For an alternative to Islamofascism, why not call it by its proper name: Qutbism, after the Egyptian godfather of the whole movement, Sayyid Qutb. (I think we would pronounce the noun Kotebism and the adjective Kotebist.) Too esoteric? Then how about Islamobigotry? Or would that have the odious effect of associating Islam with bigotry?

Anyway, an excellent post, especially the logic lesson.

Anonymous said...

P.S. Qutbism is of course not original with me. Karen Armstrong and others recommended it some time back, but it didn't catch on.

Lester Hunt said...

I was about to say that "Qutbism" seems exactly accurate, but may never catch on. Ordinary usage always seems to evolve from the more accurate and more difficult to use, to the less accurate and less difficult to use. Alas, it's hard to get it to move in the other direction. This suggests that "Islamofascism" might well become standard usage unless people continue to object to it. (Thanks for the kind word, BTW.)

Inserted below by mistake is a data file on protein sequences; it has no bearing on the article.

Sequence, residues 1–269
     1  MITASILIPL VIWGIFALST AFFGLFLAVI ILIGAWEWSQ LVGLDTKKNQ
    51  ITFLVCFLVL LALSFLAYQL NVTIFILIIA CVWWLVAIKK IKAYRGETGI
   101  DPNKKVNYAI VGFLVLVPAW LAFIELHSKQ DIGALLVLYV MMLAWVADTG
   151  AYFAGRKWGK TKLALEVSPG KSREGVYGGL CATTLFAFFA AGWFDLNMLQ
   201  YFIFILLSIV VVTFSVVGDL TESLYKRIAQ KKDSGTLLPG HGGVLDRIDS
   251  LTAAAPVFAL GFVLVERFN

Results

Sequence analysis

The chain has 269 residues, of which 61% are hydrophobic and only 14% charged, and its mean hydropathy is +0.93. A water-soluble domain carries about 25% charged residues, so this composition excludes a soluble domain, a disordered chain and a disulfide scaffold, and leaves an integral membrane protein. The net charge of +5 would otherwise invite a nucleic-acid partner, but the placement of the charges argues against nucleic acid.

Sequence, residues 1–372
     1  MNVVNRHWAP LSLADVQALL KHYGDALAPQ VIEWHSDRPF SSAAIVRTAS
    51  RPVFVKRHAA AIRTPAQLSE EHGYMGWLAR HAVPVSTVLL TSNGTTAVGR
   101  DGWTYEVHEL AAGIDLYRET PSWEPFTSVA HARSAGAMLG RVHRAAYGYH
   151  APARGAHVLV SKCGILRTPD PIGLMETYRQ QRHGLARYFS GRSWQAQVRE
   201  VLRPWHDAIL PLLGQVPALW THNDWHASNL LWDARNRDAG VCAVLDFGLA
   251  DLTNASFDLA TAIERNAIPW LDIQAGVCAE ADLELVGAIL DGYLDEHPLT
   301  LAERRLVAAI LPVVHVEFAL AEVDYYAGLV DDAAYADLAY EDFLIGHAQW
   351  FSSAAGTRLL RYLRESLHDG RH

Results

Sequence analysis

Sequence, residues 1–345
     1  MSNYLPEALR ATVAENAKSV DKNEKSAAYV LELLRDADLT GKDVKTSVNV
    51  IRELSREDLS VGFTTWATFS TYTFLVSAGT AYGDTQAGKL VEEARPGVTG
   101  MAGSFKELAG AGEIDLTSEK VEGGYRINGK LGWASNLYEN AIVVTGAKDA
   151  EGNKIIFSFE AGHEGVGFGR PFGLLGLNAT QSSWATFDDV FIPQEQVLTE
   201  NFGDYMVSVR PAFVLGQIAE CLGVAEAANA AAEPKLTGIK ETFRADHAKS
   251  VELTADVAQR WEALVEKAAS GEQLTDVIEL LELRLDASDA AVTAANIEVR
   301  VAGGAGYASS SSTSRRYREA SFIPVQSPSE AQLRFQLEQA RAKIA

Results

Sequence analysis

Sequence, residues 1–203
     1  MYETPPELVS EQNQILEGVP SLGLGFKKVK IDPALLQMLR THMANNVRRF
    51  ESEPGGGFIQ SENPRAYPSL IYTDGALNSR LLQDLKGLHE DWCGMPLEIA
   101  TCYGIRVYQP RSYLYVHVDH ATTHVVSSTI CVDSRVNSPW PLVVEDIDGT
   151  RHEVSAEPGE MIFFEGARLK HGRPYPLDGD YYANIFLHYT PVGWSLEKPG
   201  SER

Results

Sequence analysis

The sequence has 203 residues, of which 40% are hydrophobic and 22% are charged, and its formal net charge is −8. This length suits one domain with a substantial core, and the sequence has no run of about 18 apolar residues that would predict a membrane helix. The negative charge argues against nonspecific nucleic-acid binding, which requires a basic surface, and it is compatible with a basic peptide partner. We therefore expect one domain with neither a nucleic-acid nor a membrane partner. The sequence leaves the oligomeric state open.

Craig D said...

So "Sand Nazis" is probably not acceptable either?

(I just had this link thrust at me yesterday!)

Anonymous said...

I share your reservations about the use of this term whic is certainly used for effect. However, although no expert, I think there is a legitimate historical link between the development of Islamism/ Qutbism and fascism. My sketchy understanding is that the Islamic Brotherhood under the leadership of al-Banna had political aims (in Egypt) that drew direct inspiration from European fascism, including the ambition for a one party state.